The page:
Still I hear naysayers constantly repeat the old argument: “ Things aren’t like they were when we were kids” or “Well, yes but things are different now.”

Well, I beg to differ. Even a perfunctory internet search shows child abductions and other such crimes against under-age humans are at a historic low.*

Aside from cyber-crimes, the exact same dangers lurking around today were lurking around when we were pre-teens cruising the mall or meeting friends at the movies, but I don’t ever recall being worried about it. And that doesn’t mean I stumbled through my teens naive and Clueless, although having Alicia Silverstone’s closet in that movie would have been a dream come true !!

Fear is contagious

I was always taught to be aware of my surroundings at all times, park under street lights, and keep an extra $20 around for emergencies. (With the rate of inflation, today that would equate to needing an extra $100….but I digress.)

And I can say without question that my lack of fear was a direct result of the lack of fear flowing from my God-trusting, always praying mama. After all, it’s human nature to internalize and respond to what we’re surrounded by.

By the same token, if she had collapsed into a heap of stress or flipped out every time I came home with a speeding ticket or made a C on a test, there’s no doubt I would have absorbed that same stress and never learned how to keep my spirits up and let things roll off when confronted with life’s REAL battles.

As such, I have attempted to provide my children with the same opportunity to live and learn without a satellite tracker posting updates every time they stop by McDonald's for a frosty. And I must say they have fared quite well and learned to be resourceful in even the direst of circumstances.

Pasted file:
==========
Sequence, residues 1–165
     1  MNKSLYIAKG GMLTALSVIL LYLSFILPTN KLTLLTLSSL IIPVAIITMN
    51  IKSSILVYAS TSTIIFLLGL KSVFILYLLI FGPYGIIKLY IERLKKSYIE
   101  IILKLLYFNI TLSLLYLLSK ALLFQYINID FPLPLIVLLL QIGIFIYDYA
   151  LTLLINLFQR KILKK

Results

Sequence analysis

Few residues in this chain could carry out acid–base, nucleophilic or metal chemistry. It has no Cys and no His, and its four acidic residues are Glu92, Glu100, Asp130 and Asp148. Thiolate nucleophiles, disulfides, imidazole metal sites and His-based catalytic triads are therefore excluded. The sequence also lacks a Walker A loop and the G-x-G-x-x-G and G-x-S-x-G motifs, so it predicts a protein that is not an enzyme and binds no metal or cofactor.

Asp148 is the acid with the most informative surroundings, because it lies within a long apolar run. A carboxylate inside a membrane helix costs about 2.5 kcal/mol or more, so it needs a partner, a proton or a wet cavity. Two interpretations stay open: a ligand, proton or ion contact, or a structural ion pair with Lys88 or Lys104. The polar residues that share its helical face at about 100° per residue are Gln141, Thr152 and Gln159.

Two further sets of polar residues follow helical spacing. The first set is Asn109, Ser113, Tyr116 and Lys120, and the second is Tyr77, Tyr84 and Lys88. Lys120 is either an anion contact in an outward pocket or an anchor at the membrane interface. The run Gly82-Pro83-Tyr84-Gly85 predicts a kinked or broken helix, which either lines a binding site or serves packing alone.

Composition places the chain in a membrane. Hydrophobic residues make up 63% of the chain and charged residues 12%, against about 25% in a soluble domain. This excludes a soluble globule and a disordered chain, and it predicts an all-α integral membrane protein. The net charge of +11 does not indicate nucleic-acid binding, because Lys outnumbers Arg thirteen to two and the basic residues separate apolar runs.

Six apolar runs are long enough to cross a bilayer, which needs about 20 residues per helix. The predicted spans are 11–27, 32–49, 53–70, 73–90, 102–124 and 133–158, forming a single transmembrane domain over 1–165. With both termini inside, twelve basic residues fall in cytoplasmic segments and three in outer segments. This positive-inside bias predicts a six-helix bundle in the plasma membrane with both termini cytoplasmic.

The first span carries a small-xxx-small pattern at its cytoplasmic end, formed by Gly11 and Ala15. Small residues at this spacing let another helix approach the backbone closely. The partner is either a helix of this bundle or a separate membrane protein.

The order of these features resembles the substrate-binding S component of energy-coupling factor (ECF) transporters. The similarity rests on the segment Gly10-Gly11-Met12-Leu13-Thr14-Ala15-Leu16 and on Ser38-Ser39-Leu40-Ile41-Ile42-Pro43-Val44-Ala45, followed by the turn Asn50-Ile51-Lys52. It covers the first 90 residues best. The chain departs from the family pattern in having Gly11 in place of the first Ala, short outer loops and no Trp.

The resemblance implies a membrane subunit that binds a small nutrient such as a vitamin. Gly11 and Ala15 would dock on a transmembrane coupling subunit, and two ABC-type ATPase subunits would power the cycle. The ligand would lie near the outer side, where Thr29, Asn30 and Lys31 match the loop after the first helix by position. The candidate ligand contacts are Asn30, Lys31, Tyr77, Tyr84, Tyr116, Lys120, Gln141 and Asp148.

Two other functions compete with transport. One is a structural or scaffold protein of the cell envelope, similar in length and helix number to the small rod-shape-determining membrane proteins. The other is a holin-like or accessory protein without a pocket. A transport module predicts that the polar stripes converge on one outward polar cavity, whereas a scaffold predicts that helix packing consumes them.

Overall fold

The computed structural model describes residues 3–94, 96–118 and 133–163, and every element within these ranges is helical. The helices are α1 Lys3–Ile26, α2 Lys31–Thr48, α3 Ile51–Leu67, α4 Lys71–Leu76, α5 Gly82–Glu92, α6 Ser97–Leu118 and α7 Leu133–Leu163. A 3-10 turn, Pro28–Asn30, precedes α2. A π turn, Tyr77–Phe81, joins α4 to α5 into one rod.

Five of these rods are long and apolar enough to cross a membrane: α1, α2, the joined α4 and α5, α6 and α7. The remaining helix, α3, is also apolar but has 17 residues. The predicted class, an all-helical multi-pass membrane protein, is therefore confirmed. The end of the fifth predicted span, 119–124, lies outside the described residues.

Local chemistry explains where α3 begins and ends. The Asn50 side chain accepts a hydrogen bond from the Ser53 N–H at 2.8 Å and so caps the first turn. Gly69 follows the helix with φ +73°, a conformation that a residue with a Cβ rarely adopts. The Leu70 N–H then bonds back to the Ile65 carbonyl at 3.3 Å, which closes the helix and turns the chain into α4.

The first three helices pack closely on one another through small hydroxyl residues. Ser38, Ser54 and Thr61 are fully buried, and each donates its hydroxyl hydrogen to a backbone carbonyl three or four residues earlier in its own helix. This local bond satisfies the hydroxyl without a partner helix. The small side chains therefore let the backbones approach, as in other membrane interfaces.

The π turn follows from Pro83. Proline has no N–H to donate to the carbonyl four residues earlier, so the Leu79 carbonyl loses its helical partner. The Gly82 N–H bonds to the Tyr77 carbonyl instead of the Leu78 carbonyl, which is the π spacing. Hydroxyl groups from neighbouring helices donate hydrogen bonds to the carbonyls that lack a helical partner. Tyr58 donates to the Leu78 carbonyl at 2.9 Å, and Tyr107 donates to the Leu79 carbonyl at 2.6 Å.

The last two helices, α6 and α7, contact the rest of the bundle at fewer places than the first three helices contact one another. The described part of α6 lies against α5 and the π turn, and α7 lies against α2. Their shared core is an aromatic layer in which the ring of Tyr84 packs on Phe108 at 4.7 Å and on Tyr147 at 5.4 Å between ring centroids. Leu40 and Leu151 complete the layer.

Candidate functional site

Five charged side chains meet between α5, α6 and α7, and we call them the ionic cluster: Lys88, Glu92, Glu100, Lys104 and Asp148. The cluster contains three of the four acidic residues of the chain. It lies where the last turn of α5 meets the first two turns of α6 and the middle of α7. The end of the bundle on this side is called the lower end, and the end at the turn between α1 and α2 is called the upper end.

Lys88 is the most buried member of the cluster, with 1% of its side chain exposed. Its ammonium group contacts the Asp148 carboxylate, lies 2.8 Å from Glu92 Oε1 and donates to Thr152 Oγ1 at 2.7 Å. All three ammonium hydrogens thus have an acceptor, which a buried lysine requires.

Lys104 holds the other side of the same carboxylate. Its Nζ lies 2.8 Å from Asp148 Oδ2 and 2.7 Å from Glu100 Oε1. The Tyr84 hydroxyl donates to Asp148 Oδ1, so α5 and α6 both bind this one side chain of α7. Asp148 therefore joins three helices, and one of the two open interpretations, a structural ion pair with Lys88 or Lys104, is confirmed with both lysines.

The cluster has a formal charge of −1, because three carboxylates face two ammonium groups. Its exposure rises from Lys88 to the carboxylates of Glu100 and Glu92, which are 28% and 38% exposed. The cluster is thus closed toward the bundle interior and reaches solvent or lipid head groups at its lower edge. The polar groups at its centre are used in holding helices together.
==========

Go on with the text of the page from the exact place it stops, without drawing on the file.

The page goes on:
For instance, the first Senior Week beach trip my oldest two attended together got off to a bumpy start when they lost their lodging within the first five hours of checking in. No doubt because of their own stupid, teenager choices, but the reasons tend to be irrelevant when a group of inexperienced kids, all under age 21, are shelterless in Myrtle Beach at 2 a.m.

But to their credit, no one called me panicking, and they secured alternate lodging within the day. By the time I even knew what had occurred, they were happily laying out by the Atlantic Ocean soaking up that famous Carolina sun. And while that is an extreme example (that probably doesn’t paint me in the best light LOL), it illustrates my point.

My kids proved they can make adult decisions and provide for themselves without my guidance, if necessary. I couldn’t have felt more proud if Paula Deen herself had complimented my fried chicken.

A break from super sleuthing

So, in an effort to find common ground and offer the tracking mamas out there a siesta from sleuthing, I propose a new style of parenting:

something between free-range, Gen-x style and overly involved, suffocating mama-spy-monster style.

Try cutting your surveillance to only 50% of the time and let your kids make their own choices the other 50%. See how they do and then adjust as needed.

Worst case scenario someone breaks curfew because mama didn’t text/remind him 10 times to get home.

But best case, you get a break from constantly checking your child’s location and finally finish watching the new season of Yellowstone in peace.

Hello there Rip!!😍 It’s a win-win for both of you!

*source for crime statistics: Link